WORLD FIRST: Supercharged Harley-Davidson Street 750
As the dust settles on 4th of July celebrations in America, we thought this Evel Knievel tribute Harley-Davidson Street 750 by Number 8 Wire Motorcycles would be the perfect hangover cure. Almost a year ago to the day, thousands watched around the world as Travis Pastrana jumped over the water fountains at Caesars Palace in Las Vegas as a tribute to Evel Kneivel – Evel unfortunately never landed it and the jump almost killed him. Unlike Evel, Travis nailed the jump and made it look easy on his Indian Scout FTR750.
There were a few Harley-Davidson loyalists that were shocked at the jump, not because of the death defying distance involved, but because Travis was doing it on an Indian – not a Harley XR750 he was famous for riding. One of those HD enthusiasts contacted Colin at Number 8 Wire and commissioned him to build a Evel Kneivel inspired Harley using the Street 750. “My brief was to design and build an Evel tribute bike with the underlying directive of What Would Evel Do?”
With that in mind, Colin decided to do what Evel would do: try something that hasn’t been done before. So he decided to put a supercharger in it. “The supercharger is a Procharger A1-R, typically used on bigger Harleys as part of a kit,” says Colin. “Given that no kits are available and it has never been done before, I designed and machined a couple different prototypes for my power output system before settling on the final design.”
Creating a supercharger for the Street 750 turned out to be a bigger job than Colin originally thought. All the parts for the power output and blower were designed and hand machined by Colin in his shop. “The intake for the blower I made out of aluminum pie cuts – it was a tight fit – and for street use it gets a K&N filter bag over the intake screen.”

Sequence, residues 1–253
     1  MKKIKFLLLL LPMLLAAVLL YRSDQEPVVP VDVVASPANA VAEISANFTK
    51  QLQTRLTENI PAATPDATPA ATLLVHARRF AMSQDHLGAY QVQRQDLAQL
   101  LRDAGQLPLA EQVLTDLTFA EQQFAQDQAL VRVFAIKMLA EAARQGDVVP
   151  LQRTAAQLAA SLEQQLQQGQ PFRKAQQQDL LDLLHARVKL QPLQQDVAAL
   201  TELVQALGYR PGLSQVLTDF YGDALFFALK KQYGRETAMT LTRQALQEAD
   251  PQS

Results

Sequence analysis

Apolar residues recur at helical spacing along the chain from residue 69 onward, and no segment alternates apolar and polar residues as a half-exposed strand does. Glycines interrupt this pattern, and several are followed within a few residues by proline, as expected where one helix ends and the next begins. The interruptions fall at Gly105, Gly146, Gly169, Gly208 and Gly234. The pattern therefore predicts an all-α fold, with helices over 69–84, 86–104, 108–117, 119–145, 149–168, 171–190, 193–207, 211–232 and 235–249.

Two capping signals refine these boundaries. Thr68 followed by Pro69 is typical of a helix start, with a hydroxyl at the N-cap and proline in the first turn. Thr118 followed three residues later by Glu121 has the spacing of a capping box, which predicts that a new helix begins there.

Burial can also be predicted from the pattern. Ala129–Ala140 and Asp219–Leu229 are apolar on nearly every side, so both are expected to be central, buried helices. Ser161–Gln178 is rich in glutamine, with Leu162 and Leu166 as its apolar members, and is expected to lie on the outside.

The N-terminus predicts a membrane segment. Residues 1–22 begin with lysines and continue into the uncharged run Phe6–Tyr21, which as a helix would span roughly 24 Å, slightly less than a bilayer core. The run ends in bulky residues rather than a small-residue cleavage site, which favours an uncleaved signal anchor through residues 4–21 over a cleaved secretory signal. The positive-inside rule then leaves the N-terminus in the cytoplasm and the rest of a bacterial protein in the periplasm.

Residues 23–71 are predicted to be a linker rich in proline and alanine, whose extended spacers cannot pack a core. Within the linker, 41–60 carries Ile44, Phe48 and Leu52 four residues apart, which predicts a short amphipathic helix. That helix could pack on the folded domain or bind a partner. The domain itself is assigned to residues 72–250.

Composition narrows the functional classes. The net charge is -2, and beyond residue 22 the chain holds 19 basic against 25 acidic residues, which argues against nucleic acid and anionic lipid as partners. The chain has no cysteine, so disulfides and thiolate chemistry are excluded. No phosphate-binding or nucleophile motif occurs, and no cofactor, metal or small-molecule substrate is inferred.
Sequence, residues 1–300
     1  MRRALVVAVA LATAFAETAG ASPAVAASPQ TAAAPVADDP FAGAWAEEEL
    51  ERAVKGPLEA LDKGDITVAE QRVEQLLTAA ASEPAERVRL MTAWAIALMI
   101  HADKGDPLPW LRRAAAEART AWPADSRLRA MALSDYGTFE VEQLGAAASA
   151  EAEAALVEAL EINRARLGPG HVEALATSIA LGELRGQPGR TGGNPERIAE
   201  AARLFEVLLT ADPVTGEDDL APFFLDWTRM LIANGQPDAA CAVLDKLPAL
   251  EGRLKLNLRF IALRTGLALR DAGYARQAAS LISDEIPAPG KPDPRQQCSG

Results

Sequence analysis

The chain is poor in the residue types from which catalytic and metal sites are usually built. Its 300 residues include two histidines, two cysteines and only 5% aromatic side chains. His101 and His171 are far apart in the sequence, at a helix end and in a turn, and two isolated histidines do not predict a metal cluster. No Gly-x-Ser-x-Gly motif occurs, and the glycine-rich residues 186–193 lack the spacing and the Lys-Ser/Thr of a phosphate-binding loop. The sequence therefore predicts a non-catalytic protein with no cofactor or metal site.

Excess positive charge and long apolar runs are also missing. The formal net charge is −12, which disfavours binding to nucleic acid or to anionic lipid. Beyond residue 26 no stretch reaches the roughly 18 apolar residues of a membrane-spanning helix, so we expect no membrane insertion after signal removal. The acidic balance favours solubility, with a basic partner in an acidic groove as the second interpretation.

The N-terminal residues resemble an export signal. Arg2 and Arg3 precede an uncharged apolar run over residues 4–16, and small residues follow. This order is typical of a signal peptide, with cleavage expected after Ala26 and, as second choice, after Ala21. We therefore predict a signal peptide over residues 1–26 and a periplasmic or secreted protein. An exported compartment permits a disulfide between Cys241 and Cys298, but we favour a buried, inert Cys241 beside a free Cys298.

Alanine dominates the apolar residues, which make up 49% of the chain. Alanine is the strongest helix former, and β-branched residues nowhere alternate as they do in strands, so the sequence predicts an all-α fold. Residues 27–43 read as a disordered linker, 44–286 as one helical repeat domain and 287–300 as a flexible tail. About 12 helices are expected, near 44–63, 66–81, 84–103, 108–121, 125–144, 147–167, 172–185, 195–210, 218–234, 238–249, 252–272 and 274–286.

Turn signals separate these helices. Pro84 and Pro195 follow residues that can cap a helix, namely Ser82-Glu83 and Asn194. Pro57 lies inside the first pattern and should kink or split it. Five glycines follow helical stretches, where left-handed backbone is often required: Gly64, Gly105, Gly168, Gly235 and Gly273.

Up the front, the stock radiator was swapped out for a Ducati Monster one. As for the headlight, Evel never had to use one, so Colin wanted to keep it as discreet as possible. He opted for a Rigid Industries high/low LED unit which he then polished and mounted within the triples.
At the rear, the subframe was removed and a new one was made fresh with DOM tubing. Underneath is an aluminum box which is half electronics box and half coolant overflow tank. There’s also a catch can for the breathers which drains back into the case via a one-off dipstick replacement. To keep the supercharger belt safe, Colin made the belt guard to match the chain guard – all out of aluminum.
Classic high pipes like the XR750’s were mandatory. “The pipes were probably the most fun of the build for me – although the heat shield took forever to make, cone engineering mufflers finish off the straight-through stainless system.”
Under the seat is an M-unit blue, paired with Motogadget turn signals, speedometer and buttons up front. “Ginger McCabe from New Church Moto created the perfect seat – inspired by the design on Evel’s jump suit. Tillo Graphics handled the paint work and PCS Missoula perfected the metallic powder coat.”
The main aesthetic influence for the bodywork was the XR750. Colin custom made the aluminium XR styled tank and seat cowl and flush-mounted the LED tail lights and turn signals in the seat cowl. There’s also W.W.E.D. on the tank as a reminder when you are riding: What Would Evel Do? – which could be dangerous to ask yourself in traffic.
“Cognito Moto came through with hubs and triples to work with the R6 forks and 19” Sun rims. Given the flat track heritage, we wrapped them in some DOT legal flat track tires. The rear end is sprung with Racetech G3 shocks.”
The bike attended the Handbuilt Show in Austin and The One Moto Show where it won the ‘Best Racehorse’ award. And with that serious supercharger pumping out the ponies, we can just see Evel looking down on us in his patriotic jumpsuit, wanting to have another crack at that Caesars Palace jump.